BlackRock is taking a minority stake in robo 401(k) plan provider Human Interest.
The companies declined to disclose how much BlackRock is investing in Human Interest or how much of a stake the asset manager is taking in the business.
San Francisco-based Human Interest provides online 401(k) plans for small- and medium-sized businesses, a segment of the market that until recently has been largely ignored by the industry.
"BlackRock has seen Human Interest as the leader in the space where BlackRock has not had much of a presence," said Eric Phillips, Human Interest's senior director of strategic insights, in an interview.
Recent legislation offering companies enhanced tax incentives to offer 401(k) plans has created a more favorable environment for digital 401(k) providers such as Human Interest to build their businesses and accomplish their mission of bridging the so-called retirement coverage gap.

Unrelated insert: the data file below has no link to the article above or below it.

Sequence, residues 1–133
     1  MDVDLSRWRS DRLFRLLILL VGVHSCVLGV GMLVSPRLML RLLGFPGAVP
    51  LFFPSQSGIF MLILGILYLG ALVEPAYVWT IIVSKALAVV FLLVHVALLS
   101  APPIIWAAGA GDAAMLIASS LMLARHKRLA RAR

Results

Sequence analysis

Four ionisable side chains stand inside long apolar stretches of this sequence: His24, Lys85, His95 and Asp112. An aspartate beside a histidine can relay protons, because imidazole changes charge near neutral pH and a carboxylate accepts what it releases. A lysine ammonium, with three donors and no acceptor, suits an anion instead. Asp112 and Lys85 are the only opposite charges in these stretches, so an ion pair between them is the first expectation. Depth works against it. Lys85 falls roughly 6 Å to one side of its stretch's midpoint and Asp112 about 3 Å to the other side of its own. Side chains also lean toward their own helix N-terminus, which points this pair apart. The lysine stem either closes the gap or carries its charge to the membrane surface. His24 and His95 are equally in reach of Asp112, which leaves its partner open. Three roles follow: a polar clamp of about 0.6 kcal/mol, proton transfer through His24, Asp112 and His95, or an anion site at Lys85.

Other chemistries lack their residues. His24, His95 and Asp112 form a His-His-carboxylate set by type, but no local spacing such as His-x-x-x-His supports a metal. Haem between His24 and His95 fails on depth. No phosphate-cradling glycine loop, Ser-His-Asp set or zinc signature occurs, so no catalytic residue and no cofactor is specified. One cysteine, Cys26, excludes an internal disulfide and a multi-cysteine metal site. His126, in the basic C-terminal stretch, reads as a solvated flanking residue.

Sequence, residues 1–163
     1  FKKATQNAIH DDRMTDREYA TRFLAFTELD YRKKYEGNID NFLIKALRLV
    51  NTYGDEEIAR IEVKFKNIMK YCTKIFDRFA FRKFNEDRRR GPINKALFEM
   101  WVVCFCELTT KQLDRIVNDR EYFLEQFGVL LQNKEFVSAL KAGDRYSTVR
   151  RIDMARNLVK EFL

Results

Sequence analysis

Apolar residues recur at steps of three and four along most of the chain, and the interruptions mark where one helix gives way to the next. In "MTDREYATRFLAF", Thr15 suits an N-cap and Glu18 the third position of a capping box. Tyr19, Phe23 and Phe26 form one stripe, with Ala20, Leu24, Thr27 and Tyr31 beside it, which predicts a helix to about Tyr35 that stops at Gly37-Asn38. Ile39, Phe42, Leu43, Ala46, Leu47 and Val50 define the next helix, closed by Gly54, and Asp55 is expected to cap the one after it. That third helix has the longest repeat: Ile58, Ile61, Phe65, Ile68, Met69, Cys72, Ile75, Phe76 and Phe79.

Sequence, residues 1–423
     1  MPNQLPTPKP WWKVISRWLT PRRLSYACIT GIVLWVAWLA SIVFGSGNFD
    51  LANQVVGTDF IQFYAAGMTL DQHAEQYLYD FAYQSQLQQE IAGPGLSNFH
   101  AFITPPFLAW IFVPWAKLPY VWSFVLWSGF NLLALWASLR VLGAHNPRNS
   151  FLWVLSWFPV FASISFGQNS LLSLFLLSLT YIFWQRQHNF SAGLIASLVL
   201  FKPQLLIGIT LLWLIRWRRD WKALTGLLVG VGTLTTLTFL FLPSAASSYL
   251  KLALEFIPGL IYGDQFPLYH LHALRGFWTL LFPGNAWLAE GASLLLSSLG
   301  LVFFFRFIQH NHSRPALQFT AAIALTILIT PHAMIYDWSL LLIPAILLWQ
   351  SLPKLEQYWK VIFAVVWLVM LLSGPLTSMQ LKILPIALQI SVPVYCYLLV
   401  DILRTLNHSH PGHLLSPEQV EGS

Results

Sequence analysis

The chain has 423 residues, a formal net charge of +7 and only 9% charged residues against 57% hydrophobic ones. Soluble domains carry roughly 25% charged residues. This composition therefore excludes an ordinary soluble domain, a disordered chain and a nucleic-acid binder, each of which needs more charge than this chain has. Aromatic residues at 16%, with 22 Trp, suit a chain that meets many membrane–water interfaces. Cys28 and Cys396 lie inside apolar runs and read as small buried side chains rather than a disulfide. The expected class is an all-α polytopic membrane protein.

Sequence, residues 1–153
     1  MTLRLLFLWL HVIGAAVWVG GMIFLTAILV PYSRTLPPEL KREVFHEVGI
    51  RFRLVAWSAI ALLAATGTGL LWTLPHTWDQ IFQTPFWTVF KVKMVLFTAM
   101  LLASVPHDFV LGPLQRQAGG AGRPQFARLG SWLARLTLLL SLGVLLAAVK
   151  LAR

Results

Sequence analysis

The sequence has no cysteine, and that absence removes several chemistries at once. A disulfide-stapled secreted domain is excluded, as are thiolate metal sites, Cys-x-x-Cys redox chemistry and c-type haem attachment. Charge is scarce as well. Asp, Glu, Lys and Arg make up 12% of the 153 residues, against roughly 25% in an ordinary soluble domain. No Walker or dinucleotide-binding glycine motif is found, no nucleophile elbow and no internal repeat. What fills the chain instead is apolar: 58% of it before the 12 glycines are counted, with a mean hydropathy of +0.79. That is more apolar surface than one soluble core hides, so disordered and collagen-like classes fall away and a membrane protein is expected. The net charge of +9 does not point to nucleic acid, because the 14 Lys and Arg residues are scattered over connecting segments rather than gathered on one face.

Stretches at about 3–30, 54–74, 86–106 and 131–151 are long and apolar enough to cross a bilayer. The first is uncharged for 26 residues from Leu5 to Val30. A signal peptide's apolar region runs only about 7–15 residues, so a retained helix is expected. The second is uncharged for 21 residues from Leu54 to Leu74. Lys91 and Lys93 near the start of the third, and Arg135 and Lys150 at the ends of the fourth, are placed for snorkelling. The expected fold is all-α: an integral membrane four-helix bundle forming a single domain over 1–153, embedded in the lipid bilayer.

"The majority of Americans work for small businesses and don't have access to a retirement plan today," Mr. Phillips said, adding that the void creates a "huge opportunity."
Anne Ackerley, head of BlackRock's retirement group, lauded Human Interest as a "tech-enabled 401(k) provider" that makes it easy and affordable for small businesses to provide plans to their employees.
"We wanted to help Human Interest make their solution available to a lot more businesses in the United States," she said, adding that 57 million Americans don't have access to a workplace plan.
Human Interest will use the investment from Blackrock to grow its headcount to about 1,000 employees by midyear from 800 employees today, Mr. Phillips said.
The company serves 12,000 employers and a "few hundred thousand" employees with about $2 billion in assets. It's been adding about 1,000 employers a month to its platform, about two-thirds of which have never had a 401(k) before.
The company is looking to reach around one million participants by the end of this year, Mr. Phillips said.